market to fund the equity in the selected banks. Today, we are told that Government has given GH¢800 million to GAT to buy shares in NIB.
48. The question we ask is why will Government give its money to GAT to come buy Government’s own bank? This is unbelievable.
49. We call on Government to halt all activities relating to its funding of GAT as this is illegal and not approved by Parliament.
50. BOG must stop the discriminatory and predatory regulatory practices. How can they collapse banks that were stronger than the non-compliant banks and allow the non-
compliant banks to still hold onto their licenses?
51. The collapse of the 23 savings and loans companies was a travesty of justice. These savings and loans companies were strong by the end of 2016 and have suffered from acute panic withdrawals and systemic impact of the banking sector mess created by BOG.
52. It was the improper handling of the interconnectedness of these banks to the rest of the financial systems that has resulted in a melt-down of the financial sector.
53. On the “Too big to fail” theory, although the jury is still out there regarding the pros and cons, the fallouts from the liquidation of Unibank for example has shown that the cost of liquidation has greatly outweighed the cost of simply repaying the bank what it was owed by government and doing so promptly.
54. Clearly, it was not about facilitating a merger, providing credit, or injecting government capital, as would be the case in most “Too big to fail” resolutions. It was as simple as repaying the bank what it was owed, and we really don’t see the argument by the Vice President.
55. Hence, we argue that given the high level of interconnectedness in the case of some of the collapsed banks, a more careful and patient resolution method should have been considered. Besides, whereas a good number of the collapsed banks may have faulted in some operational procedures or committed some infractions on regulatory rules, we must be mindful at all times of our responsibility to promote and support Ghanaian enterprise regardless of their perceived inclinations.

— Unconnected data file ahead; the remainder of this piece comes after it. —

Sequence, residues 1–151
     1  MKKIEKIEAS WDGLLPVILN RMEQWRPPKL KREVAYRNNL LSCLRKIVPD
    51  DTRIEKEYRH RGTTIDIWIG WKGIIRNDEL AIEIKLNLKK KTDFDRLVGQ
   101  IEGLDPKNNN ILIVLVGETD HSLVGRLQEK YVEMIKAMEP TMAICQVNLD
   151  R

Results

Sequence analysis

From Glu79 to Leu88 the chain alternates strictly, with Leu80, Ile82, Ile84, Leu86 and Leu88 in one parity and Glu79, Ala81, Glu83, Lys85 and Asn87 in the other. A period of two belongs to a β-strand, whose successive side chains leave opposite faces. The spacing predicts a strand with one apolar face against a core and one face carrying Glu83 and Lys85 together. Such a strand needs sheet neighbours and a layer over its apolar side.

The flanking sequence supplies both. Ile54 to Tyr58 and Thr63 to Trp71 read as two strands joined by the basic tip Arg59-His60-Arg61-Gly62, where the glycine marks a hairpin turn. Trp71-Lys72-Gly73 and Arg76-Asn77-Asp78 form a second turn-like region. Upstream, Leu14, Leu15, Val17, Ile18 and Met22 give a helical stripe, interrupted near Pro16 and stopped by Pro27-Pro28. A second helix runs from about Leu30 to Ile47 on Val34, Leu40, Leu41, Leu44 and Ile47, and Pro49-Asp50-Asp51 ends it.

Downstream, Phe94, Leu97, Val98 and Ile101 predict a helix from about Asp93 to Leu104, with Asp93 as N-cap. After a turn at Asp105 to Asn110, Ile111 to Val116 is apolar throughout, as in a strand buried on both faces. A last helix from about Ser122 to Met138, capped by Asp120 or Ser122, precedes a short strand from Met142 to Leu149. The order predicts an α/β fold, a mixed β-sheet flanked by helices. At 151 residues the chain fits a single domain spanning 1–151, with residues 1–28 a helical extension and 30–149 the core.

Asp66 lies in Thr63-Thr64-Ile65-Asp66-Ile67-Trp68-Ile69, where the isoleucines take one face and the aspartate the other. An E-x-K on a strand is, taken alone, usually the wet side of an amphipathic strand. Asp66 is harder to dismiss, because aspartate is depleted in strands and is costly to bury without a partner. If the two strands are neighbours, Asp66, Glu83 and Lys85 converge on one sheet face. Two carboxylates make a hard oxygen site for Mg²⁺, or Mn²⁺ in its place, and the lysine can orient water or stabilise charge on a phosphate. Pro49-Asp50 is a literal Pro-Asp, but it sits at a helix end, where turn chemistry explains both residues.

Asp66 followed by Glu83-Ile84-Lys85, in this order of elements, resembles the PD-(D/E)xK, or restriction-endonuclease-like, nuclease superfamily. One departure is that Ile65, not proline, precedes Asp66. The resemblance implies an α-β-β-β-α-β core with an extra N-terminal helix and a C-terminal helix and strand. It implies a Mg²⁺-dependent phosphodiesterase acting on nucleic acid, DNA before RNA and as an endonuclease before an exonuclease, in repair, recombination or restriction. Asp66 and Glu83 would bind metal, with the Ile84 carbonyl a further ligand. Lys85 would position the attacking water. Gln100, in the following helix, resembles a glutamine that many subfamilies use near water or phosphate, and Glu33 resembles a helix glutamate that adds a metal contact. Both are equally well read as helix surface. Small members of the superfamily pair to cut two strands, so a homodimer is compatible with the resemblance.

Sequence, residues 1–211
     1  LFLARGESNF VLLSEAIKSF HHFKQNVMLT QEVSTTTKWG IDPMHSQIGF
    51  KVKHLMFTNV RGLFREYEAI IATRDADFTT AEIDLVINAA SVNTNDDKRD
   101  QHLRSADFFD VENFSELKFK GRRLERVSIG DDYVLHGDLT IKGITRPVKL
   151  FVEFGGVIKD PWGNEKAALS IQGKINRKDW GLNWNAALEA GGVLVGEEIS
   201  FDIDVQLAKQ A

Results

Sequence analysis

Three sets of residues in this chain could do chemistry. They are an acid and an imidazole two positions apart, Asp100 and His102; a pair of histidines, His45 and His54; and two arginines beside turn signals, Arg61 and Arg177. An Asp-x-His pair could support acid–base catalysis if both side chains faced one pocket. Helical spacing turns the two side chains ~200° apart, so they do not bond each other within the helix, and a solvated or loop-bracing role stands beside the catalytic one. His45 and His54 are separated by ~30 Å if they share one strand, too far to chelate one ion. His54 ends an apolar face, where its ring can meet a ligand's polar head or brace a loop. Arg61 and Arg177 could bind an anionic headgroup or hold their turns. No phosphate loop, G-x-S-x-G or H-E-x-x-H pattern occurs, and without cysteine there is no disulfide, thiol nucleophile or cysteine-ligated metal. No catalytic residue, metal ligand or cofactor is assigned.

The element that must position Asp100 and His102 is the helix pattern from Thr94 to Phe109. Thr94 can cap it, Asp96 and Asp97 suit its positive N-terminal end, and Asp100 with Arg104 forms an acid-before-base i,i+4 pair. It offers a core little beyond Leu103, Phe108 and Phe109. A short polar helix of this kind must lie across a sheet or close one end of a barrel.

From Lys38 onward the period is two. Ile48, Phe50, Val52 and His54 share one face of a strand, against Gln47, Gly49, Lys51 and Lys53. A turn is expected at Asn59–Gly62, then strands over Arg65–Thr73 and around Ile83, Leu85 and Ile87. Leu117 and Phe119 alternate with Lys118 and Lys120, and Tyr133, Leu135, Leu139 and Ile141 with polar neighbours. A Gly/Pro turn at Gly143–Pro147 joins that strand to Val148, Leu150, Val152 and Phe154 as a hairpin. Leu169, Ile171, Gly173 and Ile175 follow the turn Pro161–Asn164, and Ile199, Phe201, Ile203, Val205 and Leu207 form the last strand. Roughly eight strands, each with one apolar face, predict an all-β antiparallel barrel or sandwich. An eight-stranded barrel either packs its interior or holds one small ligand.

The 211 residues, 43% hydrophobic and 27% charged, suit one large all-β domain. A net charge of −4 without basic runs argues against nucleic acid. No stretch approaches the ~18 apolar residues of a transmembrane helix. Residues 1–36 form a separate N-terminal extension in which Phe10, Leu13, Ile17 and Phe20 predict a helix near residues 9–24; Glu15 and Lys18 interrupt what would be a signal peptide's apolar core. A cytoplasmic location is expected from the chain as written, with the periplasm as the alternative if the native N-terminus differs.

56. We totally support the plan by our Flagbearer to hold a stakeholders forum within the first 100 days upon coming back into office to address the effectiveness of the regulatory architecture and to build consensus on gaps as well as needed reforms to promote greater financial stability for growth.
57. We agree with the idea to amend the Banks and Special
Deposit Institutions (BSDI) Act 930 (2016), which was put together by us, based on a careful observation of how the framework has been applied, to enhance its effectiveness.
58. We will also support plans to freeze new bank licenses for a period of time while getting as many banks as possible to list on the Ghana Stock Exchange.
59. We find laudable the idea to look at the Receivership and Liquidation framework in the Act to make it easier for the Administrator to reverse a decline rather than making it automatic for an insolvent bank to be liquidated.
60. Finally, we shall support our leader to implement further regulatory reforms to enhance the functions of the Bank of Ghana while establishing a Financial Sector Conduct Authority to regulate market conduct and ramp up consumer education. We will push ahead with the financial inclusion and innovation agenda, by setting up an appropriate authority to regulate microfinance and allied sectors, while developing the rural banking system and enhancing the role of the ARB-APEX Bank’s supervisory structure.
61. We remain steadfast in our commitment to develop the business environment and to aid the growth of Ghanaian enterprise. We wish to echo the call by our Flagbearer for the veil on the beneficial shareholders of the Ghana Amalgamated Trust (GAT) to be lifted and to cease the ‘predatory’ bail-out assault on the remaining banks, which include state-owned
62. We are also calling on all those NPP government officials, some of them strangely very senior, who have taken large sums of money from some of the collapsed banks apparently to support their political campaigns in 2016, to do well to refund those monies to the Receiver so that depositors could be paid promptly. We do have information on these but will rather they do the honorable thing.
63. Finally, we support calls for a full-scale inquiry into the collapse of these financial institutions and their effects on the economy.